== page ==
Last week, I hauled a load from eastern North Carolina up to northern Pennsylvania.  The proposed route that my GPS and Google maps suggested took me around Washington D.C. on I-495 and it would be around 4 pm when I got there.  As most of you know, this is one of the worst traffic regions in the country and a delay of at least an hour is the norm for that time of day.  The hour delay is only if there are no accidents.  If accidents occur, then plan on adding even more travel time to the trip. 

I chose a route that would take me away from that traffic disaster, but would add approximately 30 miles to the trip.  I hated to run the extra miles, but it was a strategic decision that benefited me the most.  Although I added 30 miles of fuel to the trip, I never experienced any traffic snarls and I'm confident that I even saved 30 minutes of time by avoiding the Capital Beltway. 

Even though the shorter route would save me 30 miles,  the added time and fuel consumption of starting and stopping in traffic for at least an hour really made the decision a no brainer!  A wise old man once said, "You can make more money, but you can't make more time."  That's something else to consider when choosing routes.

Comments (5)

Joey Slaughter

Joey Slaughter is the owner of Blue Ridge Transport, LLC. Joey has been in the trucking industry since 1992.

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I find it amazing how close in mileage two different routes can be, but with other vastly different in route considerations, especially when going all the way across the country. Tolls are one obvious example, in addition to urban congestion you mentioned. The few extra miles out of the direct route with a high toll cost is a comparison worth making.

March 20, 2016 12:11:13 PM

I use the Rand McNally TND tablet to route my truck. It's awesome. But, I rely on my TomTom GPS to keep me posted on traffic issues. It really is great and I've been using it for years. It provides me with alternate routes, but I can't use them many times as they don't consider that I am a humongous truck. But, it advises me of potential problems which I can attempt to avoid.

In Arizona along I-10 from Benson to Tucson, there is major road work going on. My Rand McNally only tells me there is construction. My TomTom advises alternate routes. I take US90 to 82 to Nogales, as that is where I deliver every other week. In Nogales, there are signs that say Highway 82 is not recommended for trucks but it is a great road for trucks and avoids all that construction.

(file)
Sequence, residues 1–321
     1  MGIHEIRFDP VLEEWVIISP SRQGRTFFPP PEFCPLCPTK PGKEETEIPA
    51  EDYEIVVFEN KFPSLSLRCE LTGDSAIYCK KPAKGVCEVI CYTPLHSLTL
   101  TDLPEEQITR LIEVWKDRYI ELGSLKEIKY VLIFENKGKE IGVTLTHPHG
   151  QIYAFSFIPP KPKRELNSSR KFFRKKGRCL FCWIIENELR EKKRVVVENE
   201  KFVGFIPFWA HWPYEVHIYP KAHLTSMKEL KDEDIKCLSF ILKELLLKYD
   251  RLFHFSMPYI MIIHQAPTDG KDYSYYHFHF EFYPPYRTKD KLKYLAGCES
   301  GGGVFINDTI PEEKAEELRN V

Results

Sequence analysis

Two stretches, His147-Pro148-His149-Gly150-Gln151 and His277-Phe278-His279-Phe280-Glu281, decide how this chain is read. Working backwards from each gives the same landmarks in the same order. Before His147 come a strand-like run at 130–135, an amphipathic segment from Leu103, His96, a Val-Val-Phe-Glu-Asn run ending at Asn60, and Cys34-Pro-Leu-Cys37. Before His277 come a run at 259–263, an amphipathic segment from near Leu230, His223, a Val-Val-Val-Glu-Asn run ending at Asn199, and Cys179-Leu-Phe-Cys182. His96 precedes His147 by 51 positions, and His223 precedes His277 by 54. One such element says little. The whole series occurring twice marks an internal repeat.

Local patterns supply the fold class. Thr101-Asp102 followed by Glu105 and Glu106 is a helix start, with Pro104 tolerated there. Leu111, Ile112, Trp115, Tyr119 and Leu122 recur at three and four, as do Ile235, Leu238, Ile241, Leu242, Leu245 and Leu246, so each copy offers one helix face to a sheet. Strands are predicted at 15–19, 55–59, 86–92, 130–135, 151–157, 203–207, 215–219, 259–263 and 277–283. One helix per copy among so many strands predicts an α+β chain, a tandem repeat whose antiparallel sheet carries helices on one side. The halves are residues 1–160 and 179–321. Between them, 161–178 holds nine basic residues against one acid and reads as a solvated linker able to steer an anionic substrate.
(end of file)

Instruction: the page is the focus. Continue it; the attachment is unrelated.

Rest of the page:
Information is a key part of being successful. Alternate routes are sometimes the best way to go.

March 20, 2016 12:05:25 PM

Sorry about the double post.

March 19, 2016 11:59:00 AM

I would have done the same route as you to keep out of heavy traffic. Heavy traffic means a greater chance of an accident.
I have always been interested in the concept of saving time in the trucking industry. Especially when it comes to excess speed to save time or make more money. The majority of drivers will speed with the concept that they are making more money per hour but very few can prove this over a period of more than a week at the most. Any time spent in stopped or slow traffic, waiting for the next load, or waiting to unload will affect the average mile per hour.
If a driver has 150,000 miles at the end of the year driving 60 mph or 75 mph he has made the same amount of money within the same time frame and rate. And if this is an owner-operator the slower driver will have made a greater net profit.

March 19, 2016 11:57:52 AM

I would have done the same route as you to keep out of heavy traffic. Heavy traffic means a greater chance of an accident.
I have always been interested in the concept of saving time in the trucking industry. Especially when it comes to excess speed to save time or make more money. The majority of drivers will speed with the concept that they are making more money per hour but very few can prove this over a period of more than a week at the most. Any time spent in stopped or slow traffic, waiting for the next load, or waiting to unload will affect the average mile per hour.
If a driver has 150,000 miles at the end of the year driving 60 mph or 75 mph he has made the same amount of money within the same time frame and rate. And if this is an owner-operator the slower driver will have made a greater net profit.

March 19, 2016 11:57:31 AM